Burnout is common in teenagers and adults; they both share interesting perspectives.

Students commonly face stress; some people find it alarming that education can cause personal and social stress that can affect their academic abilities.

“I think academic burnout is a combination of things. It is students enduring the pandemic and the expectations that their parents put on them. Your world was turned upside down at the snap of a finger and then you were stuck in the house. Now you are trying to play catch up to get all your skills where they need to be so you can be on the path of success,” Student Services Coordinator Stephanie Rudison said.

Burnout can happen when facing ongoing stress or frustration without a break. If you do not plan it can lead to stress, especially in teens. According to Psychology Today, the average high school student has the same level of stress or anxiety as the average psychiatric patient in the early 1950s.

“It doesn’t surprise me that students have the same level of stress because looking back to the 1950s and the pandemic that happened recently, they both have similar attributes,” Mrs. Rudison stated.

The definition of burnout can vary depending on the person. For example, some adults or teachers see this as a learning curve, a way to work harder, and sometimes they do not dramatize it. However, some students will have a tough time functioning if they find themselves in a rut, and their grades will worsen.

“I definitely think students can get affected mentally and physically by school. I have no say in the matter, but I just know that students can influence each other negatively, and they also get stressed out because of work,” Freshman Jeymar Couvertier commented.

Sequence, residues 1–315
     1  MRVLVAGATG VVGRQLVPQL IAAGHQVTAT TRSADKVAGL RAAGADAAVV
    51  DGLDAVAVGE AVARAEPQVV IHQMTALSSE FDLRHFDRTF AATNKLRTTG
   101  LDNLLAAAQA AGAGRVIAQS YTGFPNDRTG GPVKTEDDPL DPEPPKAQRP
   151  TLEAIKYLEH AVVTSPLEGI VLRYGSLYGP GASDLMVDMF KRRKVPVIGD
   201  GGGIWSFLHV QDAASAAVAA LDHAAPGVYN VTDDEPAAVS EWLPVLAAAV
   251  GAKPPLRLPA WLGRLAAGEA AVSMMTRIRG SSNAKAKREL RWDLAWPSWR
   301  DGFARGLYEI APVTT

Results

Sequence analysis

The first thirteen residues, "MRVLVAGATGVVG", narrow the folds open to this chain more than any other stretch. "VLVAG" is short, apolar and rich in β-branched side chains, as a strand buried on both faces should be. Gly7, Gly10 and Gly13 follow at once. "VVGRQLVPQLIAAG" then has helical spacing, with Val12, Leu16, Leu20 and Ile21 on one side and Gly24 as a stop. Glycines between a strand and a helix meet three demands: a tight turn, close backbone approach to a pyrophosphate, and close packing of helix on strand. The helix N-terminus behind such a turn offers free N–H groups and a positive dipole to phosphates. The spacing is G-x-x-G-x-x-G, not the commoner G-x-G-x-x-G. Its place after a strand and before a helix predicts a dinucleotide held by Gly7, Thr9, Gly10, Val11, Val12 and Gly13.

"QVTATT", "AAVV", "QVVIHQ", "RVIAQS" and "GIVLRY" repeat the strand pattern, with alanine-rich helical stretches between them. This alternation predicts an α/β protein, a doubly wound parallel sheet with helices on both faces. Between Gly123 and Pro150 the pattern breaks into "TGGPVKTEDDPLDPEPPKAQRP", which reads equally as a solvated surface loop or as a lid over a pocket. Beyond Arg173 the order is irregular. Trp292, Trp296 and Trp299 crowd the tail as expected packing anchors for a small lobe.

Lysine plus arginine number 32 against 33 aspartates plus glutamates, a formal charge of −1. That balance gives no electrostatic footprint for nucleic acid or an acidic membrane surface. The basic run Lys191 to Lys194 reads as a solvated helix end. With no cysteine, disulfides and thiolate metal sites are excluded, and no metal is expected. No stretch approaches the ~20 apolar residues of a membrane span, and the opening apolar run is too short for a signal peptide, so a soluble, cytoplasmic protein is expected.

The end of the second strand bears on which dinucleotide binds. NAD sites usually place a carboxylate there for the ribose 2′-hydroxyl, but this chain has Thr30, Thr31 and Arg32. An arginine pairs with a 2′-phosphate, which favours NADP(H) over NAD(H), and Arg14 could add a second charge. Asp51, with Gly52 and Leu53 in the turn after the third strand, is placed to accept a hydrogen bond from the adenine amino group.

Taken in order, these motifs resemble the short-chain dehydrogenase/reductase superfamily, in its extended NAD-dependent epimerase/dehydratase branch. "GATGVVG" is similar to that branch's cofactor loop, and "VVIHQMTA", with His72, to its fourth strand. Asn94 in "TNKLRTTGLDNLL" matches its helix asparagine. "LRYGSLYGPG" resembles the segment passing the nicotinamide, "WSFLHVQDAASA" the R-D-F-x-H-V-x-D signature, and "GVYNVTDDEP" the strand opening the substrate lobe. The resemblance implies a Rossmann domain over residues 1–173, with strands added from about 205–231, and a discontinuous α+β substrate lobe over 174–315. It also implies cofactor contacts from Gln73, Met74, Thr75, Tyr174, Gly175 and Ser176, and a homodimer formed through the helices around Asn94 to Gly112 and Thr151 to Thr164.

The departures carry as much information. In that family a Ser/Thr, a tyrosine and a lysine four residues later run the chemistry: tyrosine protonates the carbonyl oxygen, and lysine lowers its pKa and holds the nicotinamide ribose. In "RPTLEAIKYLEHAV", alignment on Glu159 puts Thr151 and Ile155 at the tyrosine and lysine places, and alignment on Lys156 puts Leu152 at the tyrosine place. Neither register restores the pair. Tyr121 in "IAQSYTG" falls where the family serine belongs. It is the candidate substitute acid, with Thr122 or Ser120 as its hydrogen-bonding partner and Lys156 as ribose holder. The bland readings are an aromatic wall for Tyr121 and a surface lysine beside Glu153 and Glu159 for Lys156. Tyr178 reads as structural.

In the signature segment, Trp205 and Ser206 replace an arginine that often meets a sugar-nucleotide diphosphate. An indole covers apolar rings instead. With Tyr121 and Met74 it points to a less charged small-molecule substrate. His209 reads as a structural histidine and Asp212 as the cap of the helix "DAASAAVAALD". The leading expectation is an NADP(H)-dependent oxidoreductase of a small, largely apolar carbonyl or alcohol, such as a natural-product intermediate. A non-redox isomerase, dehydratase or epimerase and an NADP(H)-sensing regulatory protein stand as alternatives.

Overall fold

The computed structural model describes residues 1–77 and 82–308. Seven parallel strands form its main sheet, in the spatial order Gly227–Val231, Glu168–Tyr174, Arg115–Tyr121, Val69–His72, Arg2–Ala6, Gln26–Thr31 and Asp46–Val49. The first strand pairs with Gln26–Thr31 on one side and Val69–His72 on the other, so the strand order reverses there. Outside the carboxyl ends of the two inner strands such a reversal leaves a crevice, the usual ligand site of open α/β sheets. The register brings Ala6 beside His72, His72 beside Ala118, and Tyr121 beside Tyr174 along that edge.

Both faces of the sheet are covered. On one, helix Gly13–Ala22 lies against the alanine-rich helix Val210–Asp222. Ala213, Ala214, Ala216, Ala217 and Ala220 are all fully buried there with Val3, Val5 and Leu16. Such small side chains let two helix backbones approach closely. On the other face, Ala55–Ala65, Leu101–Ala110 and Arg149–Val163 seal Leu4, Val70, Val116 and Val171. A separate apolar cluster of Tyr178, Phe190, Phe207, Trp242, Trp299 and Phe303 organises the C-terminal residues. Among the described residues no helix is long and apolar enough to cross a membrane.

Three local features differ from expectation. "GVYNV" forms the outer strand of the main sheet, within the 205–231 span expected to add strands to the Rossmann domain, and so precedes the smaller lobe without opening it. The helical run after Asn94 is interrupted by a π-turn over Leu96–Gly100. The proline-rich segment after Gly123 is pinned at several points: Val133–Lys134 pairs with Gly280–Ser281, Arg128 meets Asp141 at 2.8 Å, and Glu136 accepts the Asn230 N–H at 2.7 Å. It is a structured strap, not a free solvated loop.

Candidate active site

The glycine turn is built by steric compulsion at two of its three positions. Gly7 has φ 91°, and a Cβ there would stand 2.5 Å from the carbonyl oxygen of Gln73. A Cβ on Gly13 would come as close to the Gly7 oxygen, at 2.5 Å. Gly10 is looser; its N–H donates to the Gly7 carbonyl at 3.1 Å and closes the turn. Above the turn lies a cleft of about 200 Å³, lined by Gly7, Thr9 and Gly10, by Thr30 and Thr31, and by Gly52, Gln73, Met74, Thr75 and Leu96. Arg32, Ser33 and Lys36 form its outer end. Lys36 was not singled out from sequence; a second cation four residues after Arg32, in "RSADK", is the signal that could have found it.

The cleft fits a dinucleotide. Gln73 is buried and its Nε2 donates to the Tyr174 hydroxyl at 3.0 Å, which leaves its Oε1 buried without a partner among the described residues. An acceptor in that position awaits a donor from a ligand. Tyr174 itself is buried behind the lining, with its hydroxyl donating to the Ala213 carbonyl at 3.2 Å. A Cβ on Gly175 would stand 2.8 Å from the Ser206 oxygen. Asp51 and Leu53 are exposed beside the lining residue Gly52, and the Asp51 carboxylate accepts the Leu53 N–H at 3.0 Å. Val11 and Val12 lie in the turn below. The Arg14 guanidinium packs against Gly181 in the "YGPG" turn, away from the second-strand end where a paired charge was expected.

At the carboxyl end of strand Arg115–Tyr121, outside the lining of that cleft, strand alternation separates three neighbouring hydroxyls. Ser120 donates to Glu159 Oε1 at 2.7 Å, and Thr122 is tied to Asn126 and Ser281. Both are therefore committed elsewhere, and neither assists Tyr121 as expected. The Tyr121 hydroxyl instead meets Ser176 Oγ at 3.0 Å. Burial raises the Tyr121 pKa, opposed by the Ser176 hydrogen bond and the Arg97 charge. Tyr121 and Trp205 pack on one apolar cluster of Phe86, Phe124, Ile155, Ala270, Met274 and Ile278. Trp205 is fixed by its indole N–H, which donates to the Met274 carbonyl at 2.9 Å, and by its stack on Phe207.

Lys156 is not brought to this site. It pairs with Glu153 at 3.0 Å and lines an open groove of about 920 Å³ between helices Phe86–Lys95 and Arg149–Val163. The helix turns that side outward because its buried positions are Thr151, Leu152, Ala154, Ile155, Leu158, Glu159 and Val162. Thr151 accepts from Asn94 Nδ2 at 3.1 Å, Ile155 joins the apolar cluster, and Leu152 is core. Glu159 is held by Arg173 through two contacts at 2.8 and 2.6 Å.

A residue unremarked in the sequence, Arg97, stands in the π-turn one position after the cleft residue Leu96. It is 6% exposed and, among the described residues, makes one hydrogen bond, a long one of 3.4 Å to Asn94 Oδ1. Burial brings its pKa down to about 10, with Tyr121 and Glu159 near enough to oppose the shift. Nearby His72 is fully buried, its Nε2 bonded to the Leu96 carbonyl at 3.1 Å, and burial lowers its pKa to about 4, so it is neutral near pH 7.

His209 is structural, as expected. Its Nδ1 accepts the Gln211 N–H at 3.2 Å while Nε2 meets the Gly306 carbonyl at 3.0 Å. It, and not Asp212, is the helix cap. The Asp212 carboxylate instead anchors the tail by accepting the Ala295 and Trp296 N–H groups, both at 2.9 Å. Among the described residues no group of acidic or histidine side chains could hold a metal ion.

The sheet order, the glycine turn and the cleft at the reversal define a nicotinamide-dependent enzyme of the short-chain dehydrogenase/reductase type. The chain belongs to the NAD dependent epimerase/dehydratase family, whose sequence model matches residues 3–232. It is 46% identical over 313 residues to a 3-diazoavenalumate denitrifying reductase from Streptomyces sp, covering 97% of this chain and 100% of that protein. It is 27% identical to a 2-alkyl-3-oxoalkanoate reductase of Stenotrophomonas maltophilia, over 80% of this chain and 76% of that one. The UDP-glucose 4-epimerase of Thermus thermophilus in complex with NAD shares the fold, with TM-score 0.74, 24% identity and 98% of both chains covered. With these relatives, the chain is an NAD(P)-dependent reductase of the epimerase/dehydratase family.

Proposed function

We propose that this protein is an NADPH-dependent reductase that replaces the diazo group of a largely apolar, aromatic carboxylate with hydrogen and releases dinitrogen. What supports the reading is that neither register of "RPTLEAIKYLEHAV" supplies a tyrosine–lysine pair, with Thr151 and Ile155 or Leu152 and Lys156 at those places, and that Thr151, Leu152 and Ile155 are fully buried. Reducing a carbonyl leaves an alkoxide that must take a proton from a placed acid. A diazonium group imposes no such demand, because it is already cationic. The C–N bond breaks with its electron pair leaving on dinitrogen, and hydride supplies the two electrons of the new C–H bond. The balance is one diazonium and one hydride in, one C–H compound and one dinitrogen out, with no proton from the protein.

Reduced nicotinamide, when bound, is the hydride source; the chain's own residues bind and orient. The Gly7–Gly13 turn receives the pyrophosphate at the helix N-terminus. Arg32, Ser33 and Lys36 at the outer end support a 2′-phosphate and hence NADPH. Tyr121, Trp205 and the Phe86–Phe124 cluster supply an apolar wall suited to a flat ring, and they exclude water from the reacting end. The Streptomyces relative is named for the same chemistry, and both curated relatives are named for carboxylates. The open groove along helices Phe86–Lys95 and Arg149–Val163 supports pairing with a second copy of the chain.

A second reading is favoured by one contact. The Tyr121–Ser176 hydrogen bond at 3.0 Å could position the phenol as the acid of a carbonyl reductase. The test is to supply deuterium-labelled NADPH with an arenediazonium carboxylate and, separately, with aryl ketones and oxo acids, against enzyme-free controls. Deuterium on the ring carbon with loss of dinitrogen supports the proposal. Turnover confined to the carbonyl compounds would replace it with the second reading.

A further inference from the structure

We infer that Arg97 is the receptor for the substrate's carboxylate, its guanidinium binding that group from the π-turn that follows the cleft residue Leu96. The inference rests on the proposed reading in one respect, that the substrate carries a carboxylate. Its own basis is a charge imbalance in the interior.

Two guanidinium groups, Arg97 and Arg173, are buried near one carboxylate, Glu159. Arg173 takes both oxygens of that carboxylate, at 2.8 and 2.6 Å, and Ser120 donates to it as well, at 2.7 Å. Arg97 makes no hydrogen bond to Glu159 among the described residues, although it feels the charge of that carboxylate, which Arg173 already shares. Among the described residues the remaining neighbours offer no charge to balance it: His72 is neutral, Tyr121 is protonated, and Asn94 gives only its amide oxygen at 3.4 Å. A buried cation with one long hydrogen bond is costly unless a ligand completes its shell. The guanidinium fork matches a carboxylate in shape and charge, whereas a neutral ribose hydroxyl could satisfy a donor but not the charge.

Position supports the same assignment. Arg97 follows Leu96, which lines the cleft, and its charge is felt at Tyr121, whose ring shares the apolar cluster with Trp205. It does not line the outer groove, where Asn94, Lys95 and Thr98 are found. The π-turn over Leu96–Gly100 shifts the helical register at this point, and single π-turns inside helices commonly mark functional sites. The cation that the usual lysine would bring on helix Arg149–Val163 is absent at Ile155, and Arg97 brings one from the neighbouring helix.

The greatest challenge is a Planning ahead of time is beneficial for any tasks that prove challenging for students, like homework, housework, etc.

“You want to have a balance, and sometimes if we do not have a strategy and we are not properly planning, that can lead to burnout, even as adults. Our goal as service providers is making sure you have the strategies that you need before you go into the real world; before you become an adult,”

From many teachers’ perspectives, what makes school hard is a student’s own lack of planning and unpreparedness, for instance, students handing late or substandard assignments. However, from some students’ perspectives, it is the schoolwork that compromises their motivation.

“Nothing is really challenging, the amount of schoolwork you get assigned is just tiresome. It is hard when you get home, and you are trying to take a break after what could have been a tough day, but you realize that you have extra work, and then you have to put off rest a little longer,” Couvertier stated.

Burnout is not just seen in students; it is also seen in teachers. Teachers have the same amount of work that students do, sometimes even more because each classroom can vary from 20 to 30 students, and each teacher has 6 classes.

“A lot of our teachers are dealing with a lot of stress, and we do see the signs. Like a teacher yelling, if they are not being attentive or get agitated by little things, that is when we know that something is going on. We want to have this perception that everything is okay, but everything is not always okay,” Mrs. Rudison said.

There are different ways people manage their burnout until it passes, or just avoid it all together. Some people recommend meditating or words of affirmation, however some students have a different strategy.

“Usually, I play games and scribble on paper to relax, sometimes I will also write about how my day has been going and how I could have done better to improve next time,” Couvertier said.

Knowing signs of burnout can help others act and support their peers, even prevent burnout. It is important that students look out for each other in a time of need and inform people of the different healthy solutions instead of suffering in silence.

“You students know each other best; you know your friends and what they are upset about, you know how you lift them up, so make sure you are encouraging and empowering each other,” Mrs. Rudison stated.

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